Aside from modifications to SMCSU Commissioner titles, the report also details some changes to the responsibilities of the various councillors. Most notably, the 2016 roles of Community Life Commission and Double Blue Commission have been fused into a single Vice-President Community Life position. The Community Life Commission was formerly in charge of planning social events for the wider St. Michael’s College community, while the Double Blue Commission oversaw social activities for the members of the SMCSU themselves. The position of Vice-President Community Life will serve to streamline all SMCSU-planned social events and render the process of planning them more efficient.

The report also details changes to eligibility to run for office. Two major changes from the old constitution include a newly imposed minimum cumulative GPA of 2.5 and adherence to a Code of Conduct that is currently being developed. Additionally, a new requirement stipulates that all those vying for a position in the council must have either have formerly held a position in the council or have volunteered on an SMCSU committee in the past.

Major changes have also been made to how the council will run as a whole. These are outlined in the Re-Imagining Committee’s report on SMCSU’s new structure and guidelines. The changes are highlighted by mandatory leadership training for council members, public presentations outlining SMCSU’s budget in the fall and spring, imposing term limits on council members, and requiring the USMC Administrative Advisor to co-sign on any expenses over $500.

Perhaps the biggest changes will come to Article III of the Constitution, which deals with accountability. This part of the current Constitution is incredibly vague. Most of Article III focuses on how to vote out a member of the council. On transparency the Constitution states only, “All financial records, budgets, general correspondence, and the minutes of Council meetings [...] shall be open for review by any member of the Student Union.”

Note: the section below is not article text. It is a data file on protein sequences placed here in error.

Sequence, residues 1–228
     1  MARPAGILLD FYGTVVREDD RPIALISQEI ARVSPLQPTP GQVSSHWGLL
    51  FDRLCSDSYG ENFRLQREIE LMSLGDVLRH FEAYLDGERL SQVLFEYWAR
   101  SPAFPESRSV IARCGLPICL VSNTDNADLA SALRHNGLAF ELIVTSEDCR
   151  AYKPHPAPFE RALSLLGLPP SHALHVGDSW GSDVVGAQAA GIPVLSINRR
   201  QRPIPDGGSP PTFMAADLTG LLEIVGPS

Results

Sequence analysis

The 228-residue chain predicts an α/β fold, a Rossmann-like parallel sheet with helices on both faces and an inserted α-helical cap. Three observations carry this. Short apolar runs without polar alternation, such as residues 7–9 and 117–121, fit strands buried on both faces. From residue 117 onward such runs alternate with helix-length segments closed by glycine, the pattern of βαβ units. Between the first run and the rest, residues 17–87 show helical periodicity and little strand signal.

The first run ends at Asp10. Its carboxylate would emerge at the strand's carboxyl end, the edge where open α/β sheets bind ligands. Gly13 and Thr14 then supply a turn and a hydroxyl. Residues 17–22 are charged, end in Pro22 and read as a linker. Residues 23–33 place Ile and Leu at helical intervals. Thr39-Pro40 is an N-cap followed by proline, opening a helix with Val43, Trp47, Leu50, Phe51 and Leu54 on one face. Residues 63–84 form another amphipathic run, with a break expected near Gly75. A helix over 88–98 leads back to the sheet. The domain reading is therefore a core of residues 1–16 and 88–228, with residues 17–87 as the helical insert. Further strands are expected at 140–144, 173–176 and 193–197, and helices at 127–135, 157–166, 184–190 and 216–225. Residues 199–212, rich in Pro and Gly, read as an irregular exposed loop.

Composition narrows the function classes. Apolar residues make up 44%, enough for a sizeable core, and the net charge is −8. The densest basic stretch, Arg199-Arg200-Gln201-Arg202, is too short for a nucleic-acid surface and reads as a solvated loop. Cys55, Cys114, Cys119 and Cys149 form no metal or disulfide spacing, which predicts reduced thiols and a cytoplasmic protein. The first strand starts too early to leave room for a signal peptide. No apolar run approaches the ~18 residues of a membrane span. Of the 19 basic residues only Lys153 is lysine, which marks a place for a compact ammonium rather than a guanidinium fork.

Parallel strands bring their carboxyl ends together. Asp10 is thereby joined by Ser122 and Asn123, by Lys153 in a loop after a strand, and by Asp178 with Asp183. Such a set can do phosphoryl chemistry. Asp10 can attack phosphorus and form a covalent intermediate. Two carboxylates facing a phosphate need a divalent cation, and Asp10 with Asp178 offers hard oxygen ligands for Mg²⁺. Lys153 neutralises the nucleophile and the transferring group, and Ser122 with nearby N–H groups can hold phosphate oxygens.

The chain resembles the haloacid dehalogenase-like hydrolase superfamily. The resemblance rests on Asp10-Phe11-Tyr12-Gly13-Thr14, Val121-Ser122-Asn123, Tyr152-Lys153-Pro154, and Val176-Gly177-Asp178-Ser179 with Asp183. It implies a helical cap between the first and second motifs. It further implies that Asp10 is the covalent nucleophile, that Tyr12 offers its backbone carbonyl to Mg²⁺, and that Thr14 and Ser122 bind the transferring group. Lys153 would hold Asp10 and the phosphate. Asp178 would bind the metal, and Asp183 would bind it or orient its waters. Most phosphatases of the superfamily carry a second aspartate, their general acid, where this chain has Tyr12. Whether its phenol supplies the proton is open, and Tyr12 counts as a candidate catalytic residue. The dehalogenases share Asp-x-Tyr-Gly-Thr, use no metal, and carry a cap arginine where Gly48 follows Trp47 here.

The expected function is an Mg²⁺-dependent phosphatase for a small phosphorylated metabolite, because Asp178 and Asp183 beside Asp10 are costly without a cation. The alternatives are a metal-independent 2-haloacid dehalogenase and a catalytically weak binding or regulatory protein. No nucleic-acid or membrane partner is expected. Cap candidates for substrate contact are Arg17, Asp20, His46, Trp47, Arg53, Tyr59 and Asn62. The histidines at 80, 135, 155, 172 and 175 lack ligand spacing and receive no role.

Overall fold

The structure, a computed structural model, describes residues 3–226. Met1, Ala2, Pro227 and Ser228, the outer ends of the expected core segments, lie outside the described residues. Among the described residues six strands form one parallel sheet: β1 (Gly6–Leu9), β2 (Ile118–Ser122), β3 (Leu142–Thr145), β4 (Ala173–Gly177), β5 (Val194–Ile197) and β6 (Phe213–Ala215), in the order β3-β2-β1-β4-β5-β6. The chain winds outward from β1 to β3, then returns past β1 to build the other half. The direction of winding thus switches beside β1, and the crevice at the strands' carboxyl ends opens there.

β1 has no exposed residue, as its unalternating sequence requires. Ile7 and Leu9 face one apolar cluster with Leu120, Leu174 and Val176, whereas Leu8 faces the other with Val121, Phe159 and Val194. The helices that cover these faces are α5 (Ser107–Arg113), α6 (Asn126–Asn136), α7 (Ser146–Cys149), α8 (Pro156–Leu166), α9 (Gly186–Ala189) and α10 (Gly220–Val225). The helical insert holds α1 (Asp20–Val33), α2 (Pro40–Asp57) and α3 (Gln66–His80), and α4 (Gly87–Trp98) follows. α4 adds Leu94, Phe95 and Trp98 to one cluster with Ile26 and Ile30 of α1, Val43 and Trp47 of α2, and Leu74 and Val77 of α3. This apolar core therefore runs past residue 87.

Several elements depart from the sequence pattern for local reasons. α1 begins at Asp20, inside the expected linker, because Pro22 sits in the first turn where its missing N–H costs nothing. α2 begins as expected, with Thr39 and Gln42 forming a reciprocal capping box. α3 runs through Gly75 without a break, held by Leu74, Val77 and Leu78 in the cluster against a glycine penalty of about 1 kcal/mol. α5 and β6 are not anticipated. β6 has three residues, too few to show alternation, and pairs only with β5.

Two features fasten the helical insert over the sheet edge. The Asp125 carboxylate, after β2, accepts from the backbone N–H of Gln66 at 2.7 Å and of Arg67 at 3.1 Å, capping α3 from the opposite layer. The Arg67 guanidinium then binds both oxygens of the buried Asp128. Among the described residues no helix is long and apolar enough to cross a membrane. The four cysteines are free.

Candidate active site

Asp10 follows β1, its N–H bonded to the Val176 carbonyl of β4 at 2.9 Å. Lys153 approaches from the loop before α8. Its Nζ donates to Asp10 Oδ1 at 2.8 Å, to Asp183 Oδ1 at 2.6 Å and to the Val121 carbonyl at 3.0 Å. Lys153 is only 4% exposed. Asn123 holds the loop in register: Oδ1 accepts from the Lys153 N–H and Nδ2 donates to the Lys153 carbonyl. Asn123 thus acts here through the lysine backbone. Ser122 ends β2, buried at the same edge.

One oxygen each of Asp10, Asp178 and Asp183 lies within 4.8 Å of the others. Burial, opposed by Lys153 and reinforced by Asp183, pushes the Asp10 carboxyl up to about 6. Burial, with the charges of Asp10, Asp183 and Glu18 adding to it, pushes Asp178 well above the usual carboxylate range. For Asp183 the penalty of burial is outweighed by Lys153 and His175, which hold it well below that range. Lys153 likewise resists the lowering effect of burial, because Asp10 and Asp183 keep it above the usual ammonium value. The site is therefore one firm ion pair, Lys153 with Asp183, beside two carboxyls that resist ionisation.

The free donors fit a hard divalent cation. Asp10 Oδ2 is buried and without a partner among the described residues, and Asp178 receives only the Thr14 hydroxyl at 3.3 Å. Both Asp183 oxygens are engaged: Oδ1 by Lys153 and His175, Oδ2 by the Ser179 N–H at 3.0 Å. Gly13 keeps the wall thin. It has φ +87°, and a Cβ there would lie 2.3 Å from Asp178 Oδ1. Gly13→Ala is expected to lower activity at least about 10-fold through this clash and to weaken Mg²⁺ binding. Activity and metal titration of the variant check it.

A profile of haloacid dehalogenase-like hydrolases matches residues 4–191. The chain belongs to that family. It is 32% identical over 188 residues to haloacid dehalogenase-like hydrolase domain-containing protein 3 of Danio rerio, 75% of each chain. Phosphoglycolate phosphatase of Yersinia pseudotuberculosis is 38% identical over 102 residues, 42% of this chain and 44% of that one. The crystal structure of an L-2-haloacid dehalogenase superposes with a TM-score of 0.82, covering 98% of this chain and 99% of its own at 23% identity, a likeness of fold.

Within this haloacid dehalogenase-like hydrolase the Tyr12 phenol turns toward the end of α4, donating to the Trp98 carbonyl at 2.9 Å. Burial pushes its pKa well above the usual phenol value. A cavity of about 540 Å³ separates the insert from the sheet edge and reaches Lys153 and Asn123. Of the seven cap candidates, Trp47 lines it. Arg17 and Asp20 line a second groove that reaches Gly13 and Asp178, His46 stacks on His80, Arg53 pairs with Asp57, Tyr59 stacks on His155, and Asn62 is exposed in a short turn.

This has in turn been one of the USMC administration’s main focuses. In a statement on re-imagining student government posted on the USMC website, USMC President David Mulroney highlights “evidence of wrong-doing by some of our student leaders in a pattern that goes back a decade or more.”

This has brought to the fore questions of how autonomous SMCSU will remain from USMC, which have in part been addressed by USMC’s recently introduced Policy Document for Student Societies at USMC. Student societies to whom it applies include SMCSU, The St. Michael’s Residence Council (SMRC), and The Mike.

“The actions of student societies have the potential of reflecting, both positively and negatively, on the name and reputation of USMC,” the document reads. “Although USMC affirms that student societies are self-governing, it also recognizes that it has an ethical obligation to hold these societies accountable for the activities they seek to hold in USMC’s name.”

The consensus appears to be that in order to avoid the mistakes of the past SMCSU, USMC needs to implement change. The extent to which new policy will be introduced and enforced, however, remains unclear.